Saturday, October 8, 2011

Antibiotics and Type-1 Diabetes

I occasionally get asked about a link between antibiotics and type-1 diabetes.  Basically, people want to know if our expanding use of antibiotics is causing cases of type-1 diabetes.

The following study looked at this issue specifically (use of antibiotics causing type-1 diabetes) and found that it did not happen:

Denmark has a centralized records medical system, so it is possible to do studies where you look at all children in the country, and compare their antibiotics usage to their type-1 diabetes status.  We could never do something like that here in the USA, but we can benefit from the studies done in other countries.  This study was based on about 600,000 patients, and was just published recently (in 2009).

Here is about half of their abstract.  I've removed the numbers, so that it reads better:
Use of any antibiotic was not associated with type 1 diabetes. Evaluation of type 1 diabetes risk according to number of courses of any antibiotic yielded no association between antibiotic use and type 1 diabetes. No specific class of antibiotics was associated with type 1 diabetes, no specific age of use was associated with type 1 diabetes, and no specific age at onset of type 1 diabetes was associated with antibiotics. In a large nationwide prospective study, no association between antibiotic use and type 1 diabetes was found among Danish children.
I have not found any controlled clinical (human) studies which show that increased antibiotic use increases the chance of type-1 diabetes.

Joshua Levy
All the views expressed here are those of Joshua Levy, and nothing here is official JDRF or JDCA news, views, policies or opinions.


Kristin said...

Thanks for posting - interesting to read this. And it is amazing the data that's tracked in Scandinavian countries - makes our CDC look pretty primitive.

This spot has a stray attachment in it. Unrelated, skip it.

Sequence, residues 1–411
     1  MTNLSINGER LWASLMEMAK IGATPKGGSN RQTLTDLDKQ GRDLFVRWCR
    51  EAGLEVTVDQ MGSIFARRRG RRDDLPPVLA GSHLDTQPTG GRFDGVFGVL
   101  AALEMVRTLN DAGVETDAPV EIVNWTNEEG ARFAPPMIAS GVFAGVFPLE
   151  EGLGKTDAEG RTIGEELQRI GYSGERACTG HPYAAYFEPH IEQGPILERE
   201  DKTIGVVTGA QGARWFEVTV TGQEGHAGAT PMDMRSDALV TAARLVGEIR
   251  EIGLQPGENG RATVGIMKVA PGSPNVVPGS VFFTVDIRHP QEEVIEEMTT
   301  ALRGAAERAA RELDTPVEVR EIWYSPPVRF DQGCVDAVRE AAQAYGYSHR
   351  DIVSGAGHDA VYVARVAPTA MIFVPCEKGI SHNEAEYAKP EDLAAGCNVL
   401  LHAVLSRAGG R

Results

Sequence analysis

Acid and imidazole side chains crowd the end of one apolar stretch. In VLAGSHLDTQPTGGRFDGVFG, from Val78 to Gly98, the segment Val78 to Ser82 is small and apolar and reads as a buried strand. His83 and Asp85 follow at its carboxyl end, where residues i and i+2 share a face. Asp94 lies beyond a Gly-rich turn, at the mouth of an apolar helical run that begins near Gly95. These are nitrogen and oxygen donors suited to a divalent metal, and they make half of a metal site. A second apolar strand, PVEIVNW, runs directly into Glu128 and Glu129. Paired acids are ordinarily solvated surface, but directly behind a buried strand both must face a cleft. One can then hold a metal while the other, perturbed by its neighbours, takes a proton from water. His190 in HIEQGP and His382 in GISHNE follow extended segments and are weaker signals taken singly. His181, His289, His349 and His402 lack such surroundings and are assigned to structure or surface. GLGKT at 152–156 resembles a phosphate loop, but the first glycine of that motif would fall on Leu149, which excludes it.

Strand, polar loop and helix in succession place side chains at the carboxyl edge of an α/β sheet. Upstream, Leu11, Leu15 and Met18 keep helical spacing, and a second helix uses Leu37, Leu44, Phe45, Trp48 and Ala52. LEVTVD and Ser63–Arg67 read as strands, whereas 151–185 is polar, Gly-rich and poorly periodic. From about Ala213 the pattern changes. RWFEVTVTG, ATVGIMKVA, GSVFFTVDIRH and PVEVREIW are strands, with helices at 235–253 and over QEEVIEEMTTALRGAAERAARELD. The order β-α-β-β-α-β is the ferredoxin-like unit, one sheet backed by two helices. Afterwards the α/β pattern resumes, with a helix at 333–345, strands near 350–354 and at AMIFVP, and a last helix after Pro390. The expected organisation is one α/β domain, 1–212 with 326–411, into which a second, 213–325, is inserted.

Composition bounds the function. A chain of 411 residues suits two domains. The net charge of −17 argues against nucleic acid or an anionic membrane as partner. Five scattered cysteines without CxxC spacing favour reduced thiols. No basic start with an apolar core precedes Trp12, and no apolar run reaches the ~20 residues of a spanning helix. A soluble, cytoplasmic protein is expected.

Joshua Levy said...

Actually, I don't think it is our CDC that is primitive, but rather our health care payment system. The records that are used in Scandinavian countries to do this kind of research all come from their "single payer" health system. Because -- at the end of the day -- payments are handled through one system, you can query that system to find out if a kid got antibiotics and if that same kid was diagnosed with type-1 diabetes. So they can do large scale studies like that on the whole population.

David said...

We can do something similar to this in the US. Big health "care" firms such as Kaiser have huge databases, sometimes for long periods of patients' lives. These data can be mined, and it's done. Catch is that it's not really "free" data ...

Joshua Levy said...

It can be mined, but it is not the same. For one thing, it only covers people with health insurance. So in the USA, that kind of study would be biased in terms of only covering the employed and relatively well employed. Also, there is a time problem. Even people with insurance often change that insurance every few years. So in this case, the kid might have been given antibiotics by one insurance company, but treated for type-1 by another. So you could not have done the study. (You would have had to limit the study to people who had one insurance company for over a decade: a very rare breed, indeed!